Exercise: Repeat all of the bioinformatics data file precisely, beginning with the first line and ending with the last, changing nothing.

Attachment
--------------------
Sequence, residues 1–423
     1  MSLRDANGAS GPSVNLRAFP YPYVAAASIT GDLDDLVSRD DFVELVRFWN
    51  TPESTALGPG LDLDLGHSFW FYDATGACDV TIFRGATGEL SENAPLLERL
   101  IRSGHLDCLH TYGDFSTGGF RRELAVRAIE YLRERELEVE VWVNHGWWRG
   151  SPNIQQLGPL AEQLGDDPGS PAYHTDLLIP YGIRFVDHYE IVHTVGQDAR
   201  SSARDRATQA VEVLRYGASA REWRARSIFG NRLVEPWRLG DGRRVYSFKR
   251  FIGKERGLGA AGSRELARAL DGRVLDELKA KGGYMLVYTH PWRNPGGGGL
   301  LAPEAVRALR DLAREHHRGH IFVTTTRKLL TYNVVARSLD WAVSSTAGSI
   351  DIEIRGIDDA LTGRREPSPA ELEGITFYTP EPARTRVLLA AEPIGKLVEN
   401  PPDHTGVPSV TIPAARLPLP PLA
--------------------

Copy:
Sequence, residues 1–423
     1  MSLRDANGAS GPSVNLRAFP YPYVAAASIT GDLDDLVSRD DFVELVRFWN
    51  TPESTALGPG LDLDLGHSFW FYDATGACDV TIFRGATGEL SENAPLLERL
   101  IRSGHLDCLH TYGDFSTGGF RRELAVRAIE YLRERELEVE VWVNHGWWRG
   151  SPNIQQLGPL AEQLGDDPGS PAYHTDLLIP YGIRFVDHYE IVHTVGQDAR
   201  SSARDRATQA VEVLRYGASA REWRARSIFG NRLVEPWRLG DGRRVYSFKR
   251  FIGKERGLGA AGSRELARAL DGRVLDELKA KGGYMLVYTH PWRNPGGGGL
   301  LAPEAVRALR DLAREHHRGH IFVTTTRKLL TYNVVARSLD WAVSSTAGSI
   351  DIEIRGIDDA LTGRREPSPA ELEGITFYTP EPARTRVLLA AEPIGKLVEN
   401  PPDHTGVPSV TIPAARLPLP PLA